Big data and learning analytics would transform education, much more than MOOCs.
To what extent is big data (big-data-not-moocs-will-revolutionize-education) the solution to higher education?
Big data in the online learning space will give institutions the predictive tools they need to improve learning outcomes for individual students. By designing a curriculum that collects data at every step of the student learning process, universities can address student needs with customized modules, assignments, feedback and learning trees in the curriculum that will promote better and richer learning.
In this post on learning analytics:
They found that people take classes or stop for different reasons, and therefore referring globally to “dropouts” makes no sense in the online context. They identified four groups of participants: those who completed most assignments, those who audited, those who gradually disengaged and those who sporadically sampled. (Most students who sign up never actually show up, making their inclusion in the data problematic.) The point of all this is not simply to record who is doing what but to “provide educators, instructional designers and platform developers with insights for designing effective and potentially adaptive learning environments that best meet the needs of MOOC participants,” the researchers wrote.
For example, in all three computer science courses they analyzed, they found a high correlation between “completing learners” and participation on forum pages, suggesting a positive feedback loop: The more students interacted with others on the forum page, the better they learned. This led the researchers to suggest that designers should consider building other community-oriented features, including regularly scheduled videos and discussions, to promote social behavior.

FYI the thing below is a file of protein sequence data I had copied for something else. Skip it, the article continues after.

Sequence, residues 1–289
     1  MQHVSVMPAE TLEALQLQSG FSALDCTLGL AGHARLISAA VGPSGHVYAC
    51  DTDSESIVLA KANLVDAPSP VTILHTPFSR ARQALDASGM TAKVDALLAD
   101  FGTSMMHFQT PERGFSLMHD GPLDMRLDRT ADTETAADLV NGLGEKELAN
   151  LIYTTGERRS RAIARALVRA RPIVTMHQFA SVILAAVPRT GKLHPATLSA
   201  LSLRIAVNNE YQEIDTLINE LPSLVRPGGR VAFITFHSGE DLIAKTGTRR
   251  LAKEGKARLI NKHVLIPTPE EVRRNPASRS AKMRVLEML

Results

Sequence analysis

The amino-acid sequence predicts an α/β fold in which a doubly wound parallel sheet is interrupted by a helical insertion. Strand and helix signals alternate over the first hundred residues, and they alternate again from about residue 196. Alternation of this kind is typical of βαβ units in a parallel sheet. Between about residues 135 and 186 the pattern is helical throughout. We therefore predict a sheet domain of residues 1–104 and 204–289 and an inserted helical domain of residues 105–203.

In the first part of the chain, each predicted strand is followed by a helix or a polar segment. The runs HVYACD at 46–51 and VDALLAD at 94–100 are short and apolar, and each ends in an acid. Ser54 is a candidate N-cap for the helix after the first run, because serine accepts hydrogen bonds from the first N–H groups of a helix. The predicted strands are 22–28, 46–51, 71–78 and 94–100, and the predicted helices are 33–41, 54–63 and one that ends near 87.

These findings were revealed in our earlier researches in MOOCs and so these latest researches were reinforcing what most of the researches have found, in particular the engagement and interactivity of learners as a critical success factor in MOOCs.
As I have shared in my previous posts, there are assumptions about design of curriculum, where students’ motivation and learning could be accurately traced, assessed and evaluated with the clicks of videos, engagement with discussion boards, and answering those “multiple choice questions” or assessment tasks. To some extent, big data could provide some clues as to students’ skills and interests, and their degree of connections with others, resources and networks, the connectivity as one could define. There are questions that still need to be addressed though, as each individual has his or her own learning style and motivation, which could not be predicted simply by tracing using the big data, especially when they are merely visitors to the sites, and have weak links to others in the networks or social media.
Trying to track down students’ attendance may be one way to gauge their engagement, but then again this requires enormous amount of follow up work and intervention from the professors or institutions in order to develop those customized units, assignments, and feedback.